Sisi’s student paper lifts lid on Egypt’s new regime
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The Washington-based Judicial Watch foundation released on August 8 an academic paper penned by Gen. Abdel Fattah al-Sisi during his 2006 studies at the US Army War College. The paper reveals the strongman’s views on democracy in the Middle East.
One month after the ousting of Egypt’s first freely elected president Mohammed Morsi, an American pro-transparency group has obtained a 2006 academic paper penned by Egyptian army chief Gen. Abdel Fattah al-Sisi.
The document gives clues to to the secretive personality of Egypt’s new de facto ruler - and his troubled relationship with Morsi.
Written by the leader of the July 3 coup during his time studying at the US Army War College, the 11-page essay presents the author’s views on democracy. The document also helps explain why Morsi appointed Sisi military chief last year instead of more senior and better qualified candidates.
“Ideally, the legislative, executive, and judicial bodies should all take Islamic beliefs into consideration when carrying out their duties”, wrote the student Sisi in 2006, while warning that democracy in the Middle East “may bear little resemblance to a Western democracy”. Musing about the Caliphate of early Islamic history, Sisi also argues the importance of a non-secular form of government that should respect people’s religious beliefs.
What several experts described as Sisi’s “radical views” must have been music to the ears of a freshly-elected president from the Muslim Brotherhood. Sisi’s adherence to conservative and Islamic values helped tip the balance in his favour in August 2012 when Morsi appointed him Minister of Defence.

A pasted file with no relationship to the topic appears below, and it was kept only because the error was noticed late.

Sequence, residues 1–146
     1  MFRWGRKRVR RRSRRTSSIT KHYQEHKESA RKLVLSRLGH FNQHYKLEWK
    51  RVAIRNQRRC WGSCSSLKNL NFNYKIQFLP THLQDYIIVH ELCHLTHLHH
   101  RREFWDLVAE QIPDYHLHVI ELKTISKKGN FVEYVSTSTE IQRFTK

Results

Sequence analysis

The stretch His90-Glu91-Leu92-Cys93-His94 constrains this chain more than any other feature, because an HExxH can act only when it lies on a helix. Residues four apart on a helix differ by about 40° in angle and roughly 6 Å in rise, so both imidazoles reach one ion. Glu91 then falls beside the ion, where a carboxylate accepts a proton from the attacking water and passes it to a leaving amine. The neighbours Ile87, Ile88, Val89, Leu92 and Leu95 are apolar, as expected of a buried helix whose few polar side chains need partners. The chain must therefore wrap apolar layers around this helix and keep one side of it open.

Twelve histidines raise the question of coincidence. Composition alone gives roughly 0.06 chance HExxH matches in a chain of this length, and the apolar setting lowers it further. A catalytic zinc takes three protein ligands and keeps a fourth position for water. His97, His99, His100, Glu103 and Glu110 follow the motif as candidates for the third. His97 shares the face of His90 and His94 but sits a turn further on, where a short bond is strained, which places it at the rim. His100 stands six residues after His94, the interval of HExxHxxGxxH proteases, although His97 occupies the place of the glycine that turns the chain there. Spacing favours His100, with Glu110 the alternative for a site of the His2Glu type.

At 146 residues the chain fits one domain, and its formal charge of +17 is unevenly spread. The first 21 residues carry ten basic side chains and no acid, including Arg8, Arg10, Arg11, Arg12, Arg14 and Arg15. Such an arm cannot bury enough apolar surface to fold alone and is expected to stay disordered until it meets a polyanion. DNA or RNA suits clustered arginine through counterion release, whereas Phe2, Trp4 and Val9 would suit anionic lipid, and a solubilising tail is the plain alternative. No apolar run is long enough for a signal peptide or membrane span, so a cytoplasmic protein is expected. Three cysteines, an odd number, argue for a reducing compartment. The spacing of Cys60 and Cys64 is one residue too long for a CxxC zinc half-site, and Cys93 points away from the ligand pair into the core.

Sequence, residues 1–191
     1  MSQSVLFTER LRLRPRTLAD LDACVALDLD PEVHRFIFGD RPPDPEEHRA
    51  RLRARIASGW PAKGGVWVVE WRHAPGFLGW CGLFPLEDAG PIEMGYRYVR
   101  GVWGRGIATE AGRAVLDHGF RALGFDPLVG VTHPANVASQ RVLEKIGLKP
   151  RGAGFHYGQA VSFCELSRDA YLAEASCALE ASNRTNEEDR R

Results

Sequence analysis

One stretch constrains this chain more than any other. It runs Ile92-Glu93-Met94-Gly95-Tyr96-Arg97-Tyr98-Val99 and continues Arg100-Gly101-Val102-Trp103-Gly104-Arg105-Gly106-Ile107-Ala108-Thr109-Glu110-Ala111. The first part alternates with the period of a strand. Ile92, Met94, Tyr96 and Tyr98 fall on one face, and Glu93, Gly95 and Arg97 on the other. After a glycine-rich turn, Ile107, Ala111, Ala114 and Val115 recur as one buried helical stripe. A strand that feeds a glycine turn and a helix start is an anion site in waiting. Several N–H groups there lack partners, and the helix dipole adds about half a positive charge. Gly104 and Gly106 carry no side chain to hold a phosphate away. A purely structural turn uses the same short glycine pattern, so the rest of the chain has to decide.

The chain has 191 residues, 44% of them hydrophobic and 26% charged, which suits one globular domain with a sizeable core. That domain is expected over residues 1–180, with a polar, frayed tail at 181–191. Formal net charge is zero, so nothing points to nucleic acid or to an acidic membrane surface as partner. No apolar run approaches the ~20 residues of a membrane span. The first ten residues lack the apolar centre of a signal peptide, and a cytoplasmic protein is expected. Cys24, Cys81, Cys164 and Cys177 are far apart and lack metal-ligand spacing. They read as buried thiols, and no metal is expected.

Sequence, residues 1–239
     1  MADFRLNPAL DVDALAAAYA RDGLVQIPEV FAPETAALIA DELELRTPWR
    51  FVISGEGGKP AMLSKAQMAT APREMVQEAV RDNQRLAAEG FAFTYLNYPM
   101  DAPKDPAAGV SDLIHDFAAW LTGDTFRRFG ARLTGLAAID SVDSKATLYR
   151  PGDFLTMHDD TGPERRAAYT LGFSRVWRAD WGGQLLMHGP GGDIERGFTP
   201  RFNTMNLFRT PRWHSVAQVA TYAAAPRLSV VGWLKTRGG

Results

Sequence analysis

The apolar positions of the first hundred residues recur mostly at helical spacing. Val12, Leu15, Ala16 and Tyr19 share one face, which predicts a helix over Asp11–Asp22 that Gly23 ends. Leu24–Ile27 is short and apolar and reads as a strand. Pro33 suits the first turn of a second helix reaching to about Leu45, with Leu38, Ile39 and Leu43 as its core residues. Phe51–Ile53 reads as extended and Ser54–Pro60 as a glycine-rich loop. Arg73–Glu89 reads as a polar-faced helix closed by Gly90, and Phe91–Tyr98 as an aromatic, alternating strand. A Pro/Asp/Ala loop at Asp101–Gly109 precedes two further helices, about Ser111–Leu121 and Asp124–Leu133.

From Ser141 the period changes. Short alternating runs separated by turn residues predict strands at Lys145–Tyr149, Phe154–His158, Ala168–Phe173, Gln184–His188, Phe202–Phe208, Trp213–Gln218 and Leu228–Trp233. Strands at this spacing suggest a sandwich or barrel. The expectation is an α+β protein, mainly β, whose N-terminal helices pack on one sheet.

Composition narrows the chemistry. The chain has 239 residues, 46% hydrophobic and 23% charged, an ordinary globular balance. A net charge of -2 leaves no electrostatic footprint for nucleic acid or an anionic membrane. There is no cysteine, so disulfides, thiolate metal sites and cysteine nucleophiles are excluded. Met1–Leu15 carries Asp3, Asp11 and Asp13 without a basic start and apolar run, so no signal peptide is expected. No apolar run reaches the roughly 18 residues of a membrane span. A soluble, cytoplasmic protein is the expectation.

But speculation over a possible alliance between Egypt’s new military chiefs and the elected Islamist leaders was firmly put to rest when Sisi seized the mass anti-government protests as an opportunity to overthrow Morsi.
Closet Islamist or Mubarak-era diehard ?
In retrospect, several pro-Islamist statements in Sisi’s academic paper appear tragically ironic. The brigadier-general, who complained in March 2006 about “religious leaders (…) often sent to prison without trial (sic)”, has since overseen the brutal killing of over 200 pro-Morsi protesters since July 2013. Since the July 3 coup, Egyptian security forces have also jailed officials linked to Morsi’s Muslim Brotherhood while the deposed president himself is being held incommunicado.
Still, this dramatic about-face is almost foreseeable when reading thoroughly Sisi’s early paper. Eric Trager, expert of Egyptian politics at the Washington Institute, wrote in Foreign Policy Magazine that the views expressed in the thesis echo the Mubarak regime’s argument against democracy, ie, favouring “stability” over the risks of liberalising the political system.
Sisi already showed contempt for ballot box legitimacy in his essay, going so far as to argue that there are “valid reasons” for autocrats to be wary of "relinquishing control to the public vote”. Sisi cites “security concerns both internal and external” and the necessity “to educate the population” as the foundation for these beliefs. After the coup, the education argument was recycled by some liberal leaders, who blamed their repeated electoral defeats on Egyptian voters’ “lack of education”.
However, one of the most prophetic parts of Sisi’s academic paper is when he highlights the threat posed by security forces “loyal to the ruling party” rather than to the government: “If a democracy evolves with different constituencies, there is no guarantee that the police and military forces will align with the emerging ruling parties”. As Morsi found out on July 3, electoral legitimacy doesn’t necessarily translate into loyalty from the state security apparatus.